Drop the Press Release and No One Gets Hurt!

As a former technical journalist, I have read enough bad press releases to last a lifetime. As a writer of press releases I try very hard to avoid the poor writing that characterizes so many of them. These include 1) silly claims, 2) bad writing, and 3) no actual news.

Now, I know the pressure clients put on their PR people to produce press releases. The press release is officially supposed to catch an editor’s attention, and sometimes it actually does. These days it’s even more important to improve branding and search results with a widely distributed release. Still, if a press release is horribly written you’re going to have a problem.

Silly Claims

Many press releases lead off with “company so-and-so, the leader in such-and-such.” But when the company is quite new or unknown, they can only announce themselves as the leaders of a ridiculously narrow segment, or worse a segment that no one has ever heard of. Either way the “leader” text doesn’t impress anyone. Instead position the company within a meaningful segment as an innovator, the fastest-growing, award-winning, etc.

Bad Writing

Press releases are fairly formal documents but too many writers make them very obscure. This is from a real release, names changed to protect the not-so-innocent: “The new integration allows service providers to use TaskEngine to capture DreamGrid’s monitoring alerts and automatically convert them into service tickets which can be handled and processed with TaskEngine’s powerful workflow automation engine. This seamless workflow ensures that, in the event of an online backup failure alert from DreamGrid, a service ticket will be immediately created, and escalated as necessary with proper notifications to ensure that the failure event is properly serviced.”

What? That’s just wrong.

No Actual News

Sometimes companies just want to get their names out there and make up press releases from whole cloth. A distributed press release will get you some attention but it will be negative if the release wastes the reader’s time. Spend time to find out if you really have something newsworthy. If you don’t, then don’t write the press release – blog instead for better exposure with a narrowly defined topic.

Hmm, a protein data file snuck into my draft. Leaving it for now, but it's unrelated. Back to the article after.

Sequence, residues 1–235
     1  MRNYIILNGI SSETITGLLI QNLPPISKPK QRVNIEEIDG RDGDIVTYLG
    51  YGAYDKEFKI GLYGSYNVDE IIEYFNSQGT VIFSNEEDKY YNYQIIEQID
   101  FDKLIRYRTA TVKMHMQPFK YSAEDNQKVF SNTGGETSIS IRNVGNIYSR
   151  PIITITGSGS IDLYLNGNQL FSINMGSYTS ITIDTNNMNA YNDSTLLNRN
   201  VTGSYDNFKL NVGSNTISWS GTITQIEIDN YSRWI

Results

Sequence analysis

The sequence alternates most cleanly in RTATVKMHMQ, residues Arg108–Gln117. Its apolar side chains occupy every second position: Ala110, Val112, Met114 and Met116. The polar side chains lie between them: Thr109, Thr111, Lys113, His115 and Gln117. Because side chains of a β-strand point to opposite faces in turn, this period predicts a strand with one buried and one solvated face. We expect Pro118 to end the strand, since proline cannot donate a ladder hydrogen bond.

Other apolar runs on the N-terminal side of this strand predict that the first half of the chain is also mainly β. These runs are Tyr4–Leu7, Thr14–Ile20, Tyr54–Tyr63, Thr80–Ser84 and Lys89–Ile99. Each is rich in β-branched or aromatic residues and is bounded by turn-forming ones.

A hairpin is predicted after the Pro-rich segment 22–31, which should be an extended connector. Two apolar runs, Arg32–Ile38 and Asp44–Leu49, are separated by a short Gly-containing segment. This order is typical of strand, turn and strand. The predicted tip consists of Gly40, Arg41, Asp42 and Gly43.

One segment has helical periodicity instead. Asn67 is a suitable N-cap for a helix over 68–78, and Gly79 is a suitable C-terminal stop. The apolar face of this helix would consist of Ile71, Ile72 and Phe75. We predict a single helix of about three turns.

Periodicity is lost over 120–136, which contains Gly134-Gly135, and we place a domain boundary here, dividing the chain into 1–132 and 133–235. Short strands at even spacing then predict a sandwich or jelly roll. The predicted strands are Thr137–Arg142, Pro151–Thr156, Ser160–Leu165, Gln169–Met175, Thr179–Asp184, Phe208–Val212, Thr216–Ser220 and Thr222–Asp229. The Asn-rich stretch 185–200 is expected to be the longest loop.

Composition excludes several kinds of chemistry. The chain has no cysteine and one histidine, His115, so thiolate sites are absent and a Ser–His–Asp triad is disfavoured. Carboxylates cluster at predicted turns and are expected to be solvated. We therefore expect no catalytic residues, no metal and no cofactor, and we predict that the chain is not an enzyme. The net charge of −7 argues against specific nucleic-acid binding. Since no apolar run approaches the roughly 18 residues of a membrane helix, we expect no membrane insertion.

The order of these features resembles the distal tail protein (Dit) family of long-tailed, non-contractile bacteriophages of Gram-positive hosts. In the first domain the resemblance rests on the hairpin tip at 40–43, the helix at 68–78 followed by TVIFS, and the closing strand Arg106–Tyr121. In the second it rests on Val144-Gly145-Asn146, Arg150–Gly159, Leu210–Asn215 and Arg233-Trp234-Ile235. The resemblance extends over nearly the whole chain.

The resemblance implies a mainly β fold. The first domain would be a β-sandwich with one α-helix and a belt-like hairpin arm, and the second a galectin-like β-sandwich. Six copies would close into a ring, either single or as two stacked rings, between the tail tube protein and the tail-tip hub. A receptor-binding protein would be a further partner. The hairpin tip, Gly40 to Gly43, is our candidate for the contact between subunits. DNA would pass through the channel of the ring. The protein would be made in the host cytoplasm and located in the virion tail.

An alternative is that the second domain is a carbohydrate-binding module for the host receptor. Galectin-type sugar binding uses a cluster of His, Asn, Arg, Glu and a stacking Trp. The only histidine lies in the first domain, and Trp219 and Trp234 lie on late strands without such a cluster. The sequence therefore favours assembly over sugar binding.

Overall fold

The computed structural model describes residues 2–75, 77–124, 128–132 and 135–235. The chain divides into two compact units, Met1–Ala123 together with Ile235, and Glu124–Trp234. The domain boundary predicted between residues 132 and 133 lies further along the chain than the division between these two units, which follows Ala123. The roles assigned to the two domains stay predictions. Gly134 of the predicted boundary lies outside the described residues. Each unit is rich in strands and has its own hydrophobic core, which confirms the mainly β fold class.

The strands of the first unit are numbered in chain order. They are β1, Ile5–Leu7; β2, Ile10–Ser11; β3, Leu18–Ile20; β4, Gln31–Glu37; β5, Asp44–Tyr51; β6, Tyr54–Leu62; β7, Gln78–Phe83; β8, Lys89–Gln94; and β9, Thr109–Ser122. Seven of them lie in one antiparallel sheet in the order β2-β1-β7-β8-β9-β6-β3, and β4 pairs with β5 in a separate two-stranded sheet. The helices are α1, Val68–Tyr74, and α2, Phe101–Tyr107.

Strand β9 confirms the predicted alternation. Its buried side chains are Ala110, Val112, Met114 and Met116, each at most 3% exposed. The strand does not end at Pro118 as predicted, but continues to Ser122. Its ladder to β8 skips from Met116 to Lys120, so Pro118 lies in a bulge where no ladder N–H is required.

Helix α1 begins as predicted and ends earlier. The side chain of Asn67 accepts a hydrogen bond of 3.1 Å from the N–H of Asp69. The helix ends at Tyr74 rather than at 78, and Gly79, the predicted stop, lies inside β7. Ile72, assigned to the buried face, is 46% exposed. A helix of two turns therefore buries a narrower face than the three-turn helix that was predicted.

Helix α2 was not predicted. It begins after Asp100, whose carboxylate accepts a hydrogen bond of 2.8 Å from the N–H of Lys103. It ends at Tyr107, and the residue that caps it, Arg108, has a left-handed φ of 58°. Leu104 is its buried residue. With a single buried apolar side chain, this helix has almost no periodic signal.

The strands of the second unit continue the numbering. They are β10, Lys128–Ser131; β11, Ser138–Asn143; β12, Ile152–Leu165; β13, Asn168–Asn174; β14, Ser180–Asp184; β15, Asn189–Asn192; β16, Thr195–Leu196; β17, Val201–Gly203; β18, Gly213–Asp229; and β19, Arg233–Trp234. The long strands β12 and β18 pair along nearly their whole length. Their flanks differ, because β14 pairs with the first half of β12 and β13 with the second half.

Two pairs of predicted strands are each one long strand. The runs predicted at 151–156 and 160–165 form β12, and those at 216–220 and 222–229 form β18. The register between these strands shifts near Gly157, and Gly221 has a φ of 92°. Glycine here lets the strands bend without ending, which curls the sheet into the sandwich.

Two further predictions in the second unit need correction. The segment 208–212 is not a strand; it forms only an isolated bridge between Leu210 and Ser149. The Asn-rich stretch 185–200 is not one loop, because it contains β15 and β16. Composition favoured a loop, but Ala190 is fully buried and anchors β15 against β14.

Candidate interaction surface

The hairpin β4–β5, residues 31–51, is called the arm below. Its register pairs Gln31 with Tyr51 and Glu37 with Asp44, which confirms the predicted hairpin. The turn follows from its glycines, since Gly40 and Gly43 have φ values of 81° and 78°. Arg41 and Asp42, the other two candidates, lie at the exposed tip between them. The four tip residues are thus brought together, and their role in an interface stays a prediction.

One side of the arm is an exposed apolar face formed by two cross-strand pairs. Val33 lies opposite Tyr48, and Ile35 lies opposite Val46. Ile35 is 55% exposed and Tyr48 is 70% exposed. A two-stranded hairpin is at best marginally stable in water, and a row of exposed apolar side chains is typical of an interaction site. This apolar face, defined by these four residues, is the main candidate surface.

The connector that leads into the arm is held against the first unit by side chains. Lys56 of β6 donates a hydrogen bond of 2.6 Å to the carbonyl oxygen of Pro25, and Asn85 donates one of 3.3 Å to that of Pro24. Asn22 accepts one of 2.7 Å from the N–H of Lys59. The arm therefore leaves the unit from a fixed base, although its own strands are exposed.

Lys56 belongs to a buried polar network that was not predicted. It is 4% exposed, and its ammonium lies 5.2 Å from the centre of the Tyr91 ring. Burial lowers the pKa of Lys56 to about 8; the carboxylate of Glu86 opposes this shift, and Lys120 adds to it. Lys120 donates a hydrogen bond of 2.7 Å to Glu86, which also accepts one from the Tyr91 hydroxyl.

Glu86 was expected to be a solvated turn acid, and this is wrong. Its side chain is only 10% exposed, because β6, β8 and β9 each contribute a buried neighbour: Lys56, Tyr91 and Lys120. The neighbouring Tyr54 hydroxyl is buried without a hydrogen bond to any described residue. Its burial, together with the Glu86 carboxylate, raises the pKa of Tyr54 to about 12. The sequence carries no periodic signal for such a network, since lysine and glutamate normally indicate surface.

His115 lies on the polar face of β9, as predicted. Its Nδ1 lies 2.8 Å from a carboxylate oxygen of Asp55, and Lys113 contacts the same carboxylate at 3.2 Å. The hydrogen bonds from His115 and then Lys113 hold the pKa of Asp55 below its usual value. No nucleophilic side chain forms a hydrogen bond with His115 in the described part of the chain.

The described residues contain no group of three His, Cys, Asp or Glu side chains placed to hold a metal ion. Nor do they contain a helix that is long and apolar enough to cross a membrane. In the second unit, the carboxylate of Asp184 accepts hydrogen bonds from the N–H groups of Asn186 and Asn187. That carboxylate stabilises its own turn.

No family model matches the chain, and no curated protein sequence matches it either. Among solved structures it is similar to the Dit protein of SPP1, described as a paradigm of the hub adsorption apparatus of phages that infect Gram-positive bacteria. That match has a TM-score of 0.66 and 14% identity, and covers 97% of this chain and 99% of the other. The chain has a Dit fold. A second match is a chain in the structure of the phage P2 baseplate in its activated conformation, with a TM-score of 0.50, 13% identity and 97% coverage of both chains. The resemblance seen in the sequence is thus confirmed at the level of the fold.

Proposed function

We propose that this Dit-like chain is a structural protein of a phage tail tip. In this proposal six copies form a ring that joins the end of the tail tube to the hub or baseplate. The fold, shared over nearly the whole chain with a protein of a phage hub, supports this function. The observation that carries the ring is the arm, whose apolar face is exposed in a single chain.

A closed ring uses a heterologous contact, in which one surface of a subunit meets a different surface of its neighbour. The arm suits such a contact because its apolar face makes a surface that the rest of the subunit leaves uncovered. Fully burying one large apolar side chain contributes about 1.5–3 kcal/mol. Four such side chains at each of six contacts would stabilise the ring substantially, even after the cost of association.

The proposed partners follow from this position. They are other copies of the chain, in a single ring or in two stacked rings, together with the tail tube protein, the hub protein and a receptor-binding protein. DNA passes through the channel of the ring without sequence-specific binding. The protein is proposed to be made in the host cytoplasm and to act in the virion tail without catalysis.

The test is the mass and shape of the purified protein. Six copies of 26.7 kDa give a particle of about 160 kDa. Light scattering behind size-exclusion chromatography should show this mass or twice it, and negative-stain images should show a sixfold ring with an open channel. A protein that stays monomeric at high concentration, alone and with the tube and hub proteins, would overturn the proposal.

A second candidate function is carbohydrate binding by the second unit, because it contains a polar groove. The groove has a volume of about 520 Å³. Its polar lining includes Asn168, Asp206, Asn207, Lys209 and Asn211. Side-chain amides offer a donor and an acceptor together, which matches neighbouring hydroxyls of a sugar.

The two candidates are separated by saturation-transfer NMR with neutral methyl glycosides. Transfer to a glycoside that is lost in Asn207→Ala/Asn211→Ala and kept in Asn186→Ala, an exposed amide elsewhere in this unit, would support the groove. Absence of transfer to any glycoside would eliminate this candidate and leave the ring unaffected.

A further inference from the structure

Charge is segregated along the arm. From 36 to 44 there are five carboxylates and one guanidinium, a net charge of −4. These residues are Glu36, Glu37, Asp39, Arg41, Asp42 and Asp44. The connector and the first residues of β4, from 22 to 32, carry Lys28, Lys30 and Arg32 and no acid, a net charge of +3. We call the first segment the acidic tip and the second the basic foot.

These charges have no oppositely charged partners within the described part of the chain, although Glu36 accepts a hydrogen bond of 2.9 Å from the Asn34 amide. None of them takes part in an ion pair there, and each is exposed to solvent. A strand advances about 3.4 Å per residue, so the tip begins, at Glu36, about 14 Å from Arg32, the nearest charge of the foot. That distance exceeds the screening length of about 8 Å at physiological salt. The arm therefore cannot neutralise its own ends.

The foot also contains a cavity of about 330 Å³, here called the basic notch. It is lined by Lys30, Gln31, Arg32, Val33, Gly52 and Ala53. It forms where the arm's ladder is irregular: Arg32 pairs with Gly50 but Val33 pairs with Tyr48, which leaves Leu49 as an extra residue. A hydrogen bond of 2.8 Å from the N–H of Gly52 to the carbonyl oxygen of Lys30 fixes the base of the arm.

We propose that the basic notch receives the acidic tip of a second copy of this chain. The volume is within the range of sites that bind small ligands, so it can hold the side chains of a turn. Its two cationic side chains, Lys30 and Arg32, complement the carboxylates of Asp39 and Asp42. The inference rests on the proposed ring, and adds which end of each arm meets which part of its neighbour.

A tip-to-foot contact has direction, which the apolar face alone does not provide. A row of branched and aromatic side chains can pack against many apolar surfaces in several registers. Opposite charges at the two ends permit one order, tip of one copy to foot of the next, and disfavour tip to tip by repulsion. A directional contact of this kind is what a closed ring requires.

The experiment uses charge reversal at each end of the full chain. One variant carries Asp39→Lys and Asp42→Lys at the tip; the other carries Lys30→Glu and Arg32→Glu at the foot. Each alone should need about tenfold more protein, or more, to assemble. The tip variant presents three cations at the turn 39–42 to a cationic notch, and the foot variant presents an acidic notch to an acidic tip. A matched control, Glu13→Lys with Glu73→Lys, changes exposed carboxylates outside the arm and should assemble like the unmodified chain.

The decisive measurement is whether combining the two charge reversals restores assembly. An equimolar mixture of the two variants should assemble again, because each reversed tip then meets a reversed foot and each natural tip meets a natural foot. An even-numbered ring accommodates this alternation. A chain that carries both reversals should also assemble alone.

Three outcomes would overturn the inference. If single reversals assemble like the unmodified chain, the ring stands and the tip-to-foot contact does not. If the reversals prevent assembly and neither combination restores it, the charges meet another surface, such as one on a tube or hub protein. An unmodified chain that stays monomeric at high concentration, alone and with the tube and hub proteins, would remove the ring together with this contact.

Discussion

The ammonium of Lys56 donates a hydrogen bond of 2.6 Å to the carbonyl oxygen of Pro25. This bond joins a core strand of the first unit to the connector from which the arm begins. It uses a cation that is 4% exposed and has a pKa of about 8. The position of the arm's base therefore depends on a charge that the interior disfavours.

Are you a technology vendor or agency who’s sick of writing press releases? Contact me today.

Cashing In on the Customer Success Story

Along with white papers, customer success stories are the most popular tool in the technology marketer’s toolkit.

Why are they so popular? Because they are compelling to prospective customers. References and testimonials are great things to have but customer success stories flesh out those testimonials and give them teeth. And if you match the case study customer’s industry to the prospects, it’s clear to prospects that your company knows how to successfully operate in a given market.

The ubiquitous case study can range from a 3-paragraph online snippet to a full-blown report. The most popular case study in the marketing/PR arsenal is the 600-1200 word customer success story following this pattern: company overview and challenge, project details, and positive results. Elements include:

  • Customer Overview and Challenge. Start with a 2-3 paragraph overview of the customer’s company. This should be very positive – since you’re going to detail a problem the customer was having, the last thing you want to do is make them sound like a jerk. So compliment them. Feel free to adapt the overview from their own Website text, where they’re already placing themselves in the best possible light. Then move on to the business challenge. Don’t make the customer sound stupid or incompetent. The challenge should always be centered on something good that is happening to them –fast growth, industry prominence, strategic IT changes – whatever. Their challenge should be applicable to your readers’ own business issues.
  • Project Details. Everyone knows that no project goes perfectly, but save the debriefing for the longer-form trade journal article. These short customer success stories should report on the successful project by briefly discussing specific products and benefits. Don’t go all over the map. If the project is fairly narrow or specific, you won’t have any trouble sticking with the main point or product. In the case of very large and complex installation, concentrate on the main product or application. For example, Microsoft Great Plains has more modules than you can shake a stick at. Concentrate on the ones that had the most positive impact on your customer.
  • Business Benefits. Always quantify improvement if you can. Numbers can be dollar savings, percentages, or other measures of saved staff time, more efficient workflows, better customer service, etc. Be sure that the benefits you list are the benefits the customer perceives – hard costs are most easily quantified, but soft costs may have the higher perceived benefit to a customer. Ideally you will have both.

How many customer success stories should you have on hand? The more the better. A large company may have dozens of them on hand and smaller companies should strive for at least three to start. Why? Because they work. Start capturing those customer success stories today, and watch those sales rise.

Internet of Things?

By: Bryan Ward

Helen Duce,  a cheerleader for the Internet of Things said:

We have a clear vision: to create a world where every object, from jumbo jets to sewing needles, is linked to the Internet. Compelling as this vision is, it is only achievable if this system is adopted by everyone everywhere. Success will be nothing less than global domination adoption.

Sewing needles? “Skynet” of Things anyone?